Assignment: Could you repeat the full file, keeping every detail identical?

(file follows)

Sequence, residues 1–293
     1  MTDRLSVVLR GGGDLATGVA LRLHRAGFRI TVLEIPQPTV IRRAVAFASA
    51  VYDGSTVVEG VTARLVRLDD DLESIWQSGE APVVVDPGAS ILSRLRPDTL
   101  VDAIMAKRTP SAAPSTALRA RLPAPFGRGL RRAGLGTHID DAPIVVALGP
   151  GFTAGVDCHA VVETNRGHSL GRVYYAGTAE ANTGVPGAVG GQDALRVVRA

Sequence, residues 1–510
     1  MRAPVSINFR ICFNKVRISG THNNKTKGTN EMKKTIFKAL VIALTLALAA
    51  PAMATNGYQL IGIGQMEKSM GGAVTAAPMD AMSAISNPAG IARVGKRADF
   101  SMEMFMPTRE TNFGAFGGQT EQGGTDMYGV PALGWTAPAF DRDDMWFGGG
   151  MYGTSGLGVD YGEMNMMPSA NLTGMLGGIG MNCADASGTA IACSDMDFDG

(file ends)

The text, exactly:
Sequence, residues 1–293
     1  MTDRLSVVLR GGGDLATGVA LRLHRAGFRI TVLEIPQPTV IRRAVAFASA
    51  VYDGSTVVEG VTARLVRLDD DLESIWQSGE APVVVDPGAS ILSRLRPDTL
   101  VDAIMAKRTP SAAPSTALRA RLPAPFGRGL RRAGLGTHID DAPIVVALGP
   151  GFTAGVDCHA VVETNRGHSL GRVYYAGTAE ANTGVPGAVG GQDALRVVRA

Sequence, residues 1–510
     1  MRAPVSINFR ICFNKVRISG THNNKTKGTN EMKKTIFKAL VIALTLALAA
    51  PAMATNGYQL IGIGQMEKSM GGAVTAAPMD AMSAISNPAG IARVGKRADF
   101  SMEMFMPTRE TNFGAFGGQT EQGGTDMYGV PALGWTAPAF DRDDMWFGGG
   151  MYGTSGLGVD YGEMNMMPSA NLTGMLGGIG MNCADASGTA IACSDMDFDG